RODION BELETSKY is a Russian writer, playwright and screenwriter who began his theater career more than 18 years ago. He graduated from VGIK, and has participated in workshops at NN Figurovskogo. He has received more than 100 productions in theaters in Russia and abroad and has been published in the journals New World, Banner, and Modern Drama. Beletsky is the author of the song “I Always Take a Camera” (from the program “Do Not Play”). He has received awards from Modern Drama magazine for the play The Fans; Eurasia for the script Knights of the Round Table; Children of Ra magazine for the play Three Attempts to Pass. He is also the author of the detective novels, The Clown at Midnight (2008, ed. EKSMO, Moscow), and Knight is on the Trail (2012, ed. EKSMO, Moscow). He is fluent in English and French in addition to Russian.

KSENIA DRAGUNSKAYA is a playwright and prose writer from Moscow who has penned more than thirty plays and several books of prose. She studied script writing at the State Cinema Institute in Moscow, graduating in 1988. She also worked at Mosfilm film studio as an editor of screenplays and as an author and TV presenter of broadcasts for children. In 1994 she successfully made her playwriting debut with the play Apple Thief at the Lubimovka New Drama Festival. Her plays have been staged in Moscow and other cities in Russia and exUSSR. Dragunskaya's plays for children and adults have been produced in nearly every Russian city that has a theater. Her texts have been translated into many languages including English, French, German, Finnish, Czech, Serbian, and Japanese. Dragunskaya is a member of PEN International and Theater Union of Russia. She speaks French and English in addition to Russian.

OLZHAS ZHANAYDAROV was born in Almaty, Kazakhstan, in 1980. His father was an army officer, and in 1987 his family moved to Moscow. In 2002, he graduated from the Russian Plekhanov's Academy of Economics with honors and went on to work as a manager while writing short poems, literature notes, stories and essays. His work has been published in the Russian magazines Neva and Prolog, and he is the author of the novel The Sun at its Zenith. In 2010, his first play, Two at the Café, was included in the Russian drama contest Premiere.txt. His second play, Earplugs (2011), was awarded GranPrix of the International Competition of Modern Drama, Free Theatre, and won First Prize at the International Playwrights' Competition, Eurasia. The Soul of a Pillow (2013) won First Prize at Little Premiere. This caused a public scandal in the summer of 2014, when Vladimir Aristarkhov, first deputy in the Ministry of Culture, accused the play of “promoting homosexual propaganda among minors.” Zhanaydarov's most recent play, The Store (2014) received a Debut Prize for Young Authors nomination and a National Theatre Award Golden Mask for Best Play. It was presented as a staged reading at the Young Drama Festival, Lubimovka, in autumn 2014. His plays have been produced at theaters in Moscow, Saint Petersburg, Novosibirsk, Petropavlovsk and Almaty. He is a member of the Moscow Writers Union and speaks Russian and English.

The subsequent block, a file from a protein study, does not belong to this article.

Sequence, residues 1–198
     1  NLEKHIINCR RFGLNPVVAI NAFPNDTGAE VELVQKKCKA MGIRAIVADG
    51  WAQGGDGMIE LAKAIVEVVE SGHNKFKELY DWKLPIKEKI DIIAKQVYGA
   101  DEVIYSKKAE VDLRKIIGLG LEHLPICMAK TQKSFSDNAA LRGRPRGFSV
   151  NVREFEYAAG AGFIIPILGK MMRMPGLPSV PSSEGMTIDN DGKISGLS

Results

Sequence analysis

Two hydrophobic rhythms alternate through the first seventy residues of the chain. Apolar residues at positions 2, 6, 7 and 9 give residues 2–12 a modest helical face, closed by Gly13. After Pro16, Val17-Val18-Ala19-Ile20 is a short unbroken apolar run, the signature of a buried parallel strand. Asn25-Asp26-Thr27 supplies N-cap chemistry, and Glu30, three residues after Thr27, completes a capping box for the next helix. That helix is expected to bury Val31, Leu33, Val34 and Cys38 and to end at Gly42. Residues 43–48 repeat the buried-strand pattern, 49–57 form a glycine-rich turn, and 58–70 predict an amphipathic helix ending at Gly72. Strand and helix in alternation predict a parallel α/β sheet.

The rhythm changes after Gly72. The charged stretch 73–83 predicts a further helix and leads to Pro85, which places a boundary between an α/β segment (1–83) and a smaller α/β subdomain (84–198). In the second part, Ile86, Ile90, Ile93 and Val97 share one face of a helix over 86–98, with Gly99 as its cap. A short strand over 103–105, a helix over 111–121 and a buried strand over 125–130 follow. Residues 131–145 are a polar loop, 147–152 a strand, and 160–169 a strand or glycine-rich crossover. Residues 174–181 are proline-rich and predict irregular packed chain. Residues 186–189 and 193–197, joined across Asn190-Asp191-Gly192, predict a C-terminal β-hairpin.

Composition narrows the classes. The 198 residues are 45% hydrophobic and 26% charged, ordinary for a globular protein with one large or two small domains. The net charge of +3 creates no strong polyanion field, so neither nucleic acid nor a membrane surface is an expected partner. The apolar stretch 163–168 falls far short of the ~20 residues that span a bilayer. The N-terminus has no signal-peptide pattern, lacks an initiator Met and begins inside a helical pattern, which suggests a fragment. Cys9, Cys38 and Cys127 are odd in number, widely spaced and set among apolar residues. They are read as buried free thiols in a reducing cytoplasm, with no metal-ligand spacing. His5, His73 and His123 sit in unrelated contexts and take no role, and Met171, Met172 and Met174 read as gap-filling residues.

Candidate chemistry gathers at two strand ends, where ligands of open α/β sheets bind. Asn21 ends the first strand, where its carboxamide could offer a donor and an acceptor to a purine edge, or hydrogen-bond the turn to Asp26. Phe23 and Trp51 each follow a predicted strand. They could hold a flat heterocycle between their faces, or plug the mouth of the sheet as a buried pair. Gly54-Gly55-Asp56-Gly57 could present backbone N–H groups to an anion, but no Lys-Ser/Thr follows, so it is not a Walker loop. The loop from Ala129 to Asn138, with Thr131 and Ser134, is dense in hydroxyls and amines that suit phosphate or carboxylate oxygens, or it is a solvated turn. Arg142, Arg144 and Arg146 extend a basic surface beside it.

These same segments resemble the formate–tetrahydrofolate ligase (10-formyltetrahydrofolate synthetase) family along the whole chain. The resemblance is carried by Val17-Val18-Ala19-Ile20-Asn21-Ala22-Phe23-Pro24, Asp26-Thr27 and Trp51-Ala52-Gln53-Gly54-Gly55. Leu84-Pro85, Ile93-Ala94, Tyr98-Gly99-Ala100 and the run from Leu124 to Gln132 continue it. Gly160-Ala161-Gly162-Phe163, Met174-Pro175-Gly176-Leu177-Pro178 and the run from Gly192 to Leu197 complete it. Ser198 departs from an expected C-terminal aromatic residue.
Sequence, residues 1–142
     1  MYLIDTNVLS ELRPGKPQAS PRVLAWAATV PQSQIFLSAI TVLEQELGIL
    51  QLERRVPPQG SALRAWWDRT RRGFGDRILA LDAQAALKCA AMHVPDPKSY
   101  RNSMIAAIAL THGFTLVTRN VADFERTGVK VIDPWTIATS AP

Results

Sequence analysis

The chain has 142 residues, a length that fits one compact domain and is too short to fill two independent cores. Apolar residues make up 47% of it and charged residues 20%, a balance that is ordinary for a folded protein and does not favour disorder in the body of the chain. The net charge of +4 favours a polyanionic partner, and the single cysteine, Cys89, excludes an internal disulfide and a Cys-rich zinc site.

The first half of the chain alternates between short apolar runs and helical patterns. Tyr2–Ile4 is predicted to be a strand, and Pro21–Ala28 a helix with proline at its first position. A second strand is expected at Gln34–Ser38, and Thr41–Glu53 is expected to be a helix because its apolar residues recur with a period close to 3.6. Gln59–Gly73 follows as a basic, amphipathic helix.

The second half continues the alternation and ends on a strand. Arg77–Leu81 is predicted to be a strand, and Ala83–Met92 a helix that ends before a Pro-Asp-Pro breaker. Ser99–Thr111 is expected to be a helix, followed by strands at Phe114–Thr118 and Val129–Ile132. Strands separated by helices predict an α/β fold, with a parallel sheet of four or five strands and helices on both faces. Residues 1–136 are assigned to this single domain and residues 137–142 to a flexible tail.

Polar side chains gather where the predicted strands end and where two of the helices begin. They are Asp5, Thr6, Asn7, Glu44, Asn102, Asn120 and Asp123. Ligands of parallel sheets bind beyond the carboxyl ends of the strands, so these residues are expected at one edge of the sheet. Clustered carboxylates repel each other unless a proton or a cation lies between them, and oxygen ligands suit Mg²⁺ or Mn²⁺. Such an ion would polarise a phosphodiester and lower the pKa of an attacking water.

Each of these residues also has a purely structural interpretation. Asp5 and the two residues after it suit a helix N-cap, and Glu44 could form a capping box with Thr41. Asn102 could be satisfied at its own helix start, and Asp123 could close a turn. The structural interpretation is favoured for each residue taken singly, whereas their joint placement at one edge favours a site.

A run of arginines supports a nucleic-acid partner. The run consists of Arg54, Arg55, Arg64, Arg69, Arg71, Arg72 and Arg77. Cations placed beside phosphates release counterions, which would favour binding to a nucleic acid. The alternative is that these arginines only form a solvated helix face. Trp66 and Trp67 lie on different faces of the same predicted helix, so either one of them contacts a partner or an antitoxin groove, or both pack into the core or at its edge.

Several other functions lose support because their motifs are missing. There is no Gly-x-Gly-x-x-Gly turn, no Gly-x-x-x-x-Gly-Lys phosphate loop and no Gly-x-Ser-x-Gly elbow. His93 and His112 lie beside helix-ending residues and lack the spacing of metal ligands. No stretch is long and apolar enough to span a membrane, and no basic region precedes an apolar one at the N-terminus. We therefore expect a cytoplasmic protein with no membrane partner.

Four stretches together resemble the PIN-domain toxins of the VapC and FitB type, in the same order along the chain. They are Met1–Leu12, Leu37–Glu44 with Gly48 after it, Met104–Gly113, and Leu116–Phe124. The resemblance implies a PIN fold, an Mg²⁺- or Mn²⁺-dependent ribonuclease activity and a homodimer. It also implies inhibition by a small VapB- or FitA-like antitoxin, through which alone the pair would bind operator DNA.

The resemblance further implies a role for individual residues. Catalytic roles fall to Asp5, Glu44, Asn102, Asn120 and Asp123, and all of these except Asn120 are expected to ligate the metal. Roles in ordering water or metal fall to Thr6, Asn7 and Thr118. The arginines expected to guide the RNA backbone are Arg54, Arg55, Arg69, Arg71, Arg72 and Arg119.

EVGENY KAZACHOV (Russia-U.S. Exchange Partner) is the Art Director of the Lubimovka Young Playwriting Festival, and has been a theater professional for nine years. His work as a translator includes Anna in Tropics by Nilo Cruz into Russian (premiere at the Electroteatr Stanislavsky, Moscow, March 2015 and Drama Theater, Tomsk, April 2015) and Kingdom Gone by Robert Kerr (presented at the Lubimovka Festival 2011 and supported by The Lark). He is the author of two documentary plays - Oleg Kulik: The Drumming (premiere at the Praktika Theater, Moscow, November 2010) and David Yang: The Fuel (premiere at Pop-Up Theatre, Saint-Petersburg, September 2015) - in the framework of the Person.doc project (Chelovek.doc), dedicated to contemporary Russian cultural and IT heroes. He has worked as a playwright tutor in several CLASS ACT projects (Sochi and Moscow), where teenagers write their first plays and professional actors, directors, and stage managers help the young writers take their plays from page to stage. Further projects include THE PRAGUE SPRING project developed (in collaboration with Czeсh playwrights) and presented as staged readings in Prague and Moscow in 2013; THE WINTER WAR project, developed with the Russian-Finnish laboratory, with staged readings performed at the Baltic Circle 2009 and Golden Mask 2010 festivals; THE 1612 PROJECT (in collaboration with Polish partners) was staged during the Miasto 2007 festival in Legnica, Poland, and in Teatr.doc in Moscow as a coproduction of Ad Spectatores theatre (Wroclaw, Poland) and Teatr.doc (Moscow). Education: New York Film Academy, State University Higher School of Economics, Moscow, Management department. Kazachov speaks Russian, English and Spanish.